Friday, February 17, 2012

Bald and Beautiful

Bald eagles (Haliaeetus leucocephalus) flew over several classes as we hiked along the Yellowstone River this month (photo at right by USACEpublicaffairs). One group even listened as the eagle chirped! To listen for yourself visit Cornell Lab of Ornithology's All About Birds website. For such a large bird, the eagle's cry is rather weak and unassuming. When eagles appear in movies, usually in Westerns, the red-tailed hawk's piercing cry is played in the background instead of the eagle's quiet warble. Thus, many people identify the hawk's call with the eagle.

Eagles are common along the river and other bodies of water. They mainly eat fish. They grab fish with their strong toes and very sharp talons that are adapted for hunting. They also have strong and sharp beaks to rip the flesh of their prey.

Eagles mate for life, and only seek a new mate if their original partner is lost. They build huge nests out of sticks, and use the same nest from year-to-year. Their nests may grow to weigh hundreds of pounds as they put new branches on each year.

The bald eagle is not truly bald (see photo at left by Pen Waggener). They earned their name because the white feathers on their head shine in contrast with the dark brown body feathers. Young bald eagles are mostly brown (even on their head) with white spotting on the body. By their fourth birthday, they take on the characteristic adult plumage.

We have seen both juveniles and adults at the Center this month. Two of the eagles are paired up and spending time by the trail under South Billings Boulevard. If we are lucky, they'll build a nest where we can watch the young eagles grow up!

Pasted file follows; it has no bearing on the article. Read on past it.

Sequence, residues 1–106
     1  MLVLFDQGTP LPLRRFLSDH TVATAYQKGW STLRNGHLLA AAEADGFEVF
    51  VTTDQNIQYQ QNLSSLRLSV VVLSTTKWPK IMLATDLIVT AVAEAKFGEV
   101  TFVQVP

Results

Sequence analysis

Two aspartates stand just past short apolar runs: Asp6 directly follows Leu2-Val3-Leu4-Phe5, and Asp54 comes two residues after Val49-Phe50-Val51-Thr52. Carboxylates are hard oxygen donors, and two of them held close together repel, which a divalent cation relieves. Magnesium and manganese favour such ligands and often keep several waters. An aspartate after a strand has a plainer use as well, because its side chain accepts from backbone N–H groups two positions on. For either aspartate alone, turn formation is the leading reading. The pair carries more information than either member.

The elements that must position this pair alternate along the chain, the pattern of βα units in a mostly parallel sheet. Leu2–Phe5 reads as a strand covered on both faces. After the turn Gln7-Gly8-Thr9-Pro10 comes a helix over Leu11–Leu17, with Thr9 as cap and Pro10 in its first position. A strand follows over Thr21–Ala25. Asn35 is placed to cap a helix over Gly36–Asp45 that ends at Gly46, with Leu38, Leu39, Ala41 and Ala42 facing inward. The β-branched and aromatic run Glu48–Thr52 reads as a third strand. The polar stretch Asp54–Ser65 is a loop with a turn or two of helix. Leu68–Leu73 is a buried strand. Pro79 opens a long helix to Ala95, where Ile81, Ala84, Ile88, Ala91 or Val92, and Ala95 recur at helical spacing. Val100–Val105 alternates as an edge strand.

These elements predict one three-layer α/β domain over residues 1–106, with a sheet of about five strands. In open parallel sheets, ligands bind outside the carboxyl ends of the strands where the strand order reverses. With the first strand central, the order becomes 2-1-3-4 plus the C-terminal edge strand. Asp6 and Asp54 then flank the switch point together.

Thursday, February 9, 2012

Nordic Center Tracking

Last Saturday I spent the morning at the Red Lodge Nordic Center with beginning and expert skiers alike to learn about animal tracks. We started the day with a ski lesson for those who were new to the sport. More than half our participants hadn't been on cross-country skis before! Three great volunteers from the Nordic Center, Les, Marci, and Ellen helped to teach the newbies. After an hour of practice, they were at least able to stay up on the thin wooden skis... well, most of the time.

After a brief break and hot cider, we were refreshed and ready to learn about animal tracks. Barb Pitman from Custer National Forest joined us to lead an introduction to track patterns and animal gaits. She taught us some of the tracks we might find there in Red Lodge, including fox, wolves, weasels, mountain lions, deer, and moose. Luckily, it had snowed a couple of inches the previous day so there was a fresh pallet for animals to leave their tracks on overnight. We headed down the trail to see what we could find.

First up was a nice set of cottontail rabbit tracks. Their large back legs wrap around the smaller front legs when they hop through the snow; sometimes the full back leg doesn't touch the ground so the track won't look as long as the foot really is. In the photo at the far left, you can't tell the difference between front and back legs prints. However, the photo at left with a succession of track groups helps us to visualize the movement of the animal (a track group means a set of four prints, one from each foot). The front legs are staggered from each other, as are the back legs in many of the track groups. A close inspection leads us to the conclusion that the rabbit was heading up the photo, so the front feet made the two tracks closest to the bottom of the photo in each group.

Later in the morning we came across some moose tracks that disappeared into the brush. While moose are common in Red Lodge, we were tricked by these tracks. Barb had made them earlier in the morning by using a rubber mold! Here she is showing one of our young trackers how she made them.
By the end of the morning we had found several sets of fox tracks, many cottontail rabbit tracks, and even one set of weasel tracks. There were even signs of the North American Human post-holing through deep snow without skis! What a fantastic way to spend a sunny winter day.